I fought so hard to get better. I have had a number of times when my medications stopped working and I crashed. But I have never given up! I am worth the fight!
      You have to remember that you are worth the fight!
      Sometimes that is very hard…but keep fighting!
      Stay strong…we are warriors!

  2. Reblogged this on Kitt O'Malley and commented:
    Wendy of the blog Picnic with Ants (picnicwithants.com) describes her life as “a journey learning to live a happy and productive life, while living with Chronic Illnesses.” Today for the Blog Action Day theme of inequality, she wrote this incredibly powerful piece about her experience having been involuntarily hospitalized. She concludes by asking:
    “Can you see the Inequality in the Mental Health Care system?
    Can you see how different it would have been for me if I had the financial means to pay for a higher quality facility, and have an advocate help me?
    Can you see how different it would have been for me if I had not had the financial means I had? If I hadn’t had insurance? I easily could have either have been ignored, or put in a state hospital. I could have been put in a ward with people who were very dangerous. I could have gotten lost in the system. These kind of things happen every day.
    What can we do to stop the Inequality in the Mental Health Care System?
    The first thing we can do is talk about it.”

  3. Thank you for sharing Wendy! I have also been blogging a series of posts about my husband’s involuntary stay. I can’t even imagine what the outcome would have been if I had had to worry about the financial aspect too. You are a very strong person and I’m glad you were able to be an advocate for yourself and determined to get better no matter what. Many that are all alone can not do that and it’s not right that they should be treated any different. I look forward to your future posts!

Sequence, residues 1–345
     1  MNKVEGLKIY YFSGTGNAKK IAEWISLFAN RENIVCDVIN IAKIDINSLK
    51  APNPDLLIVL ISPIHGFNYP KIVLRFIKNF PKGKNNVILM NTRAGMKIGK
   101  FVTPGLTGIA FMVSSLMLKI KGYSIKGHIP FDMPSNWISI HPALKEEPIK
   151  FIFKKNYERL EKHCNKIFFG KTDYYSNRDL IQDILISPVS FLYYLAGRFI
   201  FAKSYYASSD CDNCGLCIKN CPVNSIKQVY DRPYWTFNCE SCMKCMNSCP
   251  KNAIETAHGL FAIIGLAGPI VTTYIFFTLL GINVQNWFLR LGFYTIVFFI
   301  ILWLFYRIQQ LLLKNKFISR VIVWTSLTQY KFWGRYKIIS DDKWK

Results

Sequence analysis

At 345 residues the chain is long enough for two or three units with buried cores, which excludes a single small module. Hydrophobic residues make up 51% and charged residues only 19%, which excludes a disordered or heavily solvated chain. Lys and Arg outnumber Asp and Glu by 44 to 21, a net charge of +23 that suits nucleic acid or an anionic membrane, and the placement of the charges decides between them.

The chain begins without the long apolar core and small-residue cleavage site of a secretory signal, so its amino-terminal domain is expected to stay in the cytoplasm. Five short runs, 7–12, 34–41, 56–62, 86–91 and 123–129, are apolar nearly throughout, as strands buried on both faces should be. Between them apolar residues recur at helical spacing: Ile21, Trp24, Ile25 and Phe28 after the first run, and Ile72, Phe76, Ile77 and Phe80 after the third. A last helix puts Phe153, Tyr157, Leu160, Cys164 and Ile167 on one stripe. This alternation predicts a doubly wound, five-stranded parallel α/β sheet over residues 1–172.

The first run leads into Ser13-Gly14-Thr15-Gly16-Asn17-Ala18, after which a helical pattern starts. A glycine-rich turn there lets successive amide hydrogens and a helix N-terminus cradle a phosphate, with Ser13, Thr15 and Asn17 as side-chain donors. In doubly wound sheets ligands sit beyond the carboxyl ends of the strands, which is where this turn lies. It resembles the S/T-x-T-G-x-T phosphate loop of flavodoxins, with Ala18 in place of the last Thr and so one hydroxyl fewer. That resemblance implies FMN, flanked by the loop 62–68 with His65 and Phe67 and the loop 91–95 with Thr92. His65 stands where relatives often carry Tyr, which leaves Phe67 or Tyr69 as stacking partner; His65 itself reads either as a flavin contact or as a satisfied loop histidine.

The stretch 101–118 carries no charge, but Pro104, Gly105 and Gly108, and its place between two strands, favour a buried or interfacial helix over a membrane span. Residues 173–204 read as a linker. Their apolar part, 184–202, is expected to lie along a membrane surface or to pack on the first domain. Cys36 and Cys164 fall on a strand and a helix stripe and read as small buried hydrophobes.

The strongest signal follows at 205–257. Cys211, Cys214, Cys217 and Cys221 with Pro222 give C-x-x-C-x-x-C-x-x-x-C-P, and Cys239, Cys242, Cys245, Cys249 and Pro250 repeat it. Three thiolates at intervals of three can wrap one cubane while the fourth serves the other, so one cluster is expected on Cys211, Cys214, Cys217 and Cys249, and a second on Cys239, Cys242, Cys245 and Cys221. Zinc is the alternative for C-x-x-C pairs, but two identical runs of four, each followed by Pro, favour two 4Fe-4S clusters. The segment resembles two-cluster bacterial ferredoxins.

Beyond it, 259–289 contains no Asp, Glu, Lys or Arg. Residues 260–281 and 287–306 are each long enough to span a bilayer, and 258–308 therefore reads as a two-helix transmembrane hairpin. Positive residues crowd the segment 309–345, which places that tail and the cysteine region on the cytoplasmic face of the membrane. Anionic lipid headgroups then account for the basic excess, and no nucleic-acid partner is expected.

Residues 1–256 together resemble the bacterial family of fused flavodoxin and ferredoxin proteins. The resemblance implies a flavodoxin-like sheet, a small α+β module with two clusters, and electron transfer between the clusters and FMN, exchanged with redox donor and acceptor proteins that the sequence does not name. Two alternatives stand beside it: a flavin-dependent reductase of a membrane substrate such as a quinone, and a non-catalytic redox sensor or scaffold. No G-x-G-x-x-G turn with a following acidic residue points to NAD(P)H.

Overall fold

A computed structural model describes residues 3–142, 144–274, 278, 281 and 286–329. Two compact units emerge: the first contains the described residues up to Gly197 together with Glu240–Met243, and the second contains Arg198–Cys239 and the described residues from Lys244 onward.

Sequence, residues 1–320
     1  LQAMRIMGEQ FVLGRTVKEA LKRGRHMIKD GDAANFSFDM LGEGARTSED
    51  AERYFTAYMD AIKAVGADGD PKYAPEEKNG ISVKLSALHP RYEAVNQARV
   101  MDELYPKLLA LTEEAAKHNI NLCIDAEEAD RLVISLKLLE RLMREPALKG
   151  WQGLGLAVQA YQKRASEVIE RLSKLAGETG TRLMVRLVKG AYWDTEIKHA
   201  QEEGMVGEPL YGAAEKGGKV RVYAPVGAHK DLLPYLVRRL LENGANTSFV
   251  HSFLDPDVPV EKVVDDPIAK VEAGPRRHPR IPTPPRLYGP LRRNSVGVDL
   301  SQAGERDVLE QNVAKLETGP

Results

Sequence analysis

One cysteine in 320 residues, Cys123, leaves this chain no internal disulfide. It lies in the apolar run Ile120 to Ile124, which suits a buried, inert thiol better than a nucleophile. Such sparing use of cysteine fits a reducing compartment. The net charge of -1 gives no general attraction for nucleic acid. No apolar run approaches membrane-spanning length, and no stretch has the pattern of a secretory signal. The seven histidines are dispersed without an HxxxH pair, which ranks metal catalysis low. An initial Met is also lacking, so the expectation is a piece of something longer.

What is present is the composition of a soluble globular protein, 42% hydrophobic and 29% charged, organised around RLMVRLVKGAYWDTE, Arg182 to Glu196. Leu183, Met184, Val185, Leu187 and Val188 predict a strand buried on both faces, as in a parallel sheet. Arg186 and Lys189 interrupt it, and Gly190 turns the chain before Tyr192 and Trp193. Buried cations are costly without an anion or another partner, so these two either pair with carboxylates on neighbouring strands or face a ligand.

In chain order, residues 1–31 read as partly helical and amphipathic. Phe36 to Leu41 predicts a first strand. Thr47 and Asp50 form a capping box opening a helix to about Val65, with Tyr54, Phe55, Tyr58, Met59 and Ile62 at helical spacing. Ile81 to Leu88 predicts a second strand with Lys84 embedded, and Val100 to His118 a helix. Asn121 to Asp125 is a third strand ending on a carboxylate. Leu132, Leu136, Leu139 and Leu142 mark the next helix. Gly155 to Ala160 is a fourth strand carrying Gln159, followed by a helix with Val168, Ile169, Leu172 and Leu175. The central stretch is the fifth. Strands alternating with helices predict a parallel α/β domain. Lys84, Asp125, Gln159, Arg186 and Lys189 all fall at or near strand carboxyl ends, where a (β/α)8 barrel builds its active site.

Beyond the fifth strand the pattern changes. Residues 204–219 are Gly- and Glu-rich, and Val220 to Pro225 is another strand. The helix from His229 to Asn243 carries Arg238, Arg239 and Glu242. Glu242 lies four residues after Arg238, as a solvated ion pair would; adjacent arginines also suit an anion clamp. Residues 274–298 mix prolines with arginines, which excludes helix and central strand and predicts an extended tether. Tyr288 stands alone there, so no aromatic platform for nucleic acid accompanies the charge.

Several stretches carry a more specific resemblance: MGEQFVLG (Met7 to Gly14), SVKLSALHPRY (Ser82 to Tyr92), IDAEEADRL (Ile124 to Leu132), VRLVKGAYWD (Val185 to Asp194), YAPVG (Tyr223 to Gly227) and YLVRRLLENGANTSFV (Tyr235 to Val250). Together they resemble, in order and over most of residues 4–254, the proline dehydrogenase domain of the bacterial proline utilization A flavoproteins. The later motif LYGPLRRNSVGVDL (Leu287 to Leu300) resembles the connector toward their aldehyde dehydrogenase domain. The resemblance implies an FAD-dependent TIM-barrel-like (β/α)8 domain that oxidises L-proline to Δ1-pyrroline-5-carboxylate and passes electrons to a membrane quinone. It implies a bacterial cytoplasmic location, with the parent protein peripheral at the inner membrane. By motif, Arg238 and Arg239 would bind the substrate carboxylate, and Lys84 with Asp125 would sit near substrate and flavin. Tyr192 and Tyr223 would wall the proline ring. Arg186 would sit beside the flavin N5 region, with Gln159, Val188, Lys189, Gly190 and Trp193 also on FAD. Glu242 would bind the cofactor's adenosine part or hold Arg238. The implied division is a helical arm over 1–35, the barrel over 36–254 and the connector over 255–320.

• mrsbipolar
      I don’t see your blog url listed….I’d like to read your series.
      I don’t write a lot being bipolar, I’ve been stable for quite a while.
      sometimes I do have little blips and I write about it. sometimes I write pieces like this one.
      It simply doesn’t affect my day to day life very much any more. When it does I write about it.
      I don’t shy away from it.
      I’m very open about it.
      and I may write more about it….I’ve noticed recently on some of the bipolar blogs I follow so many unhealthy habits that people are continuing after they are trying to get well. I think I need to talk a bit about that. As someone who has been there and come out the other side. (I guess you can tell I just brain stormed while I was writing this comment to you. lol) thank you for coming by! and for the nice comment. wendy

      • Come by and see us at thebipolarmaniac.com. I know where you are coming from, like you, my hubby is very stable. Sometimes I’m not sure people know what that looks like. I was going to post re just that soon. Would love to chat more with you.

  4. I know when one is in the midst of any form of mental illness… mine was depression, they feel so vulnerable…. and to have all the added things you had to deal with from the dr. who insisted on being alone and all the financial burdens… etc etc. you have come through it all and for that you should feel so good about being able to do so. You must look back wondering just how you did…. but you did!… Good for you…. Diane

    • Diane…
      Yes I look back and wonder how I did. I will say I never thought I’d live this long. 🙂
      I’m happier now than I have ever been, and more just…loving myself, than I ever have before. I think that is very important.
      The depression side of bipolar is the side that makes us go get help. So I can really relate to that.
      However, the manic side scares me too.
      Thank you for the compliment.
      We are all a work in progress.
      Cheers to you!
      wendy

  5. This is a very personal story about a very important issue of injustice in the system . As you so powerfully said, the difference is money! The rich can go to a private facility in a resort setting.

  6. Pingback: Top 10 Things NOT to Say (if you want to stay alive) | ADD . . . and-so-much-more

  7. Pingback: My Story – Being Bipolar | Picnic with Ants